The festive season has ended, and the retailers can breathe a collective sigh of relief. Their busiest time of the year means their operations have had to be resilient and robust. The supply chain is at the heart of this and it has been used to plan the Christmas period for months. But what lies at the success of this supply chain and what lessons can be learned?
Managing a supply chain in today’s global economy is fraught with difficulties. Supply chain managers have to maintain a balance of cost, agility, and sustainability, as well as manage the logistics and the manufacturing footprint. All these issues come with their own problems, but overall the trade-off is cost versus risk.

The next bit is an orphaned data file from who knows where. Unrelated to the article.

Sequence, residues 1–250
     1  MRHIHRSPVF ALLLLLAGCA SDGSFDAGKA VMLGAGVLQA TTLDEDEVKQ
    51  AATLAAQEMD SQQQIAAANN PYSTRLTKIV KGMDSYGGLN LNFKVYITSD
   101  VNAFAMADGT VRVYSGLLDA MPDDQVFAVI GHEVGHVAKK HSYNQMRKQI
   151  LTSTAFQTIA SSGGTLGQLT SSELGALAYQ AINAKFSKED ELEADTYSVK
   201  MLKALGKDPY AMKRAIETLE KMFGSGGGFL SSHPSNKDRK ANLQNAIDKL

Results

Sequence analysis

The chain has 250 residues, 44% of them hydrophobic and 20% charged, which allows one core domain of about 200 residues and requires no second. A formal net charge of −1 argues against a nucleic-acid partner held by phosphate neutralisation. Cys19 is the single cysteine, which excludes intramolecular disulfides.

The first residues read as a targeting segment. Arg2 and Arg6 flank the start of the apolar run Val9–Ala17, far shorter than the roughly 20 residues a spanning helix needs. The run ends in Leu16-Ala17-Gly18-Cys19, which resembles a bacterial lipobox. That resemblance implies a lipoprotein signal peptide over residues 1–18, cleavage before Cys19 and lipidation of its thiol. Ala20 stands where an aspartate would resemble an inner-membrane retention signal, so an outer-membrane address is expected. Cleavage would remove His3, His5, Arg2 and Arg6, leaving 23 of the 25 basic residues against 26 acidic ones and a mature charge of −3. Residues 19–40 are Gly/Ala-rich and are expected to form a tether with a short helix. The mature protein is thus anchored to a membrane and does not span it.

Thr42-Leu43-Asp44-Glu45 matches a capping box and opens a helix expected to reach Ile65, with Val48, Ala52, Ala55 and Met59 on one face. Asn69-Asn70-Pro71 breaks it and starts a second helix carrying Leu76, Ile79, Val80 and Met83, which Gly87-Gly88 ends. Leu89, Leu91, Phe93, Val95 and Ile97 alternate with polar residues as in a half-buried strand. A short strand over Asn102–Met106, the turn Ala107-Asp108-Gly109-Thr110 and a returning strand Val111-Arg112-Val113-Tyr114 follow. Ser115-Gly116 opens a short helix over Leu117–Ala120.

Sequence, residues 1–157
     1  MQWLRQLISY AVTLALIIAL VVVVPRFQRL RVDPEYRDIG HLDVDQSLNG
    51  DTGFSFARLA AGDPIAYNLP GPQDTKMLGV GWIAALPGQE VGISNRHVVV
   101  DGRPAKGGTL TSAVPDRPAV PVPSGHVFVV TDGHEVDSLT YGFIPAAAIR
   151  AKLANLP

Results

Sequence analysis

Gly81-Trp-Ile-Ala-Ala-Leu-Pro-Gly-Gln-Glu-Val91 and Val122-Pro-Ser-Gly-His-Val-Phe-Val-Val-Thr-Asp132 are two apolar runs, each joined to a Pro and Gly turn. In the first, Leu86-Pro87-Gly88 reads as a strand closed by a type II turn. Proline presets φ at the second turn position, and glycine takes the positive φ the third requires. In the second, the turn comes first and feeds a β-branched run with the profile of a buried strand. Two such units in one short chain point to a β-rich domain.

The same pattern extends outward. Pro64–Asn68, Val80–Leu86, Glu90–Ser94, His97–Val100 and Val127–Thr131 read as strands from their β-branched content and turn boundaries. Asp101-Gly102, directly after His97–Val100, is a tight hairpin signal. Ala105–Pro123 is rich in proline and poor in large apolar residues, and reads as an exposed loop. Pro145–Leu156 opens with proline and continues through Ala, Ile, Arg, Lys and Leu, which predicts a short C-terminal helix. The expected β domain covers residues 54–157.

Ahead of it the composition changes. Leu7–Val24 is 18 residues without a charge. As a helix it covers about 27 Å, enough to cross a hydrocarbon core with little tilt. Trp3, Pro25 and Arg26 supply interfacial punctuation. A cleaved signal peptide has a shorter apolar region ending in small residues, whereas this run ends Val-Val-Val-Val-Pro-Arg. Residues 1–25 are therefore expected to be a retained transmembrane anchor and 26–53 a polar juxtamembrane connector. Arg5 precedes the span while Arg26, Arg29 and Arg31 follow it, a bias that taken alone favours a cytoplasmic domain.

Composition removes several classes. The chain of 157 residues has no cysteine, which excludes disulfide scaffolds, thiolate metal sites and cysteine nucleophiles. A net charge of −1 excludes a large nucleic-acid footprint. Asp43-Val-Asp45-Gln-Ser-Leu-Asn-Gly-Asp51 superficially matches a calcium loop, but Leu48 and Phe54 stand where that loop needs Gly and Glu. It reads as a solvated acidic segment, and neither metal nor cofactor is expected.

To strike a chord between cost and performance, supply chains have to be inventive. That means essentially going out into new markets, using new local suppliers, and accessing new customers. Invention comes at a cost, as these are new, unexplored areas of risk. So risk management is an important part of supply chain management in a global context.
As organisations strive for new opportunities for a more effective supply chain, so risks are more prominent. Who is that new local supplier? Can they be trusted with your product? The new country you’re now operating from – what are the geographical risks? The political risks? The legal risks?
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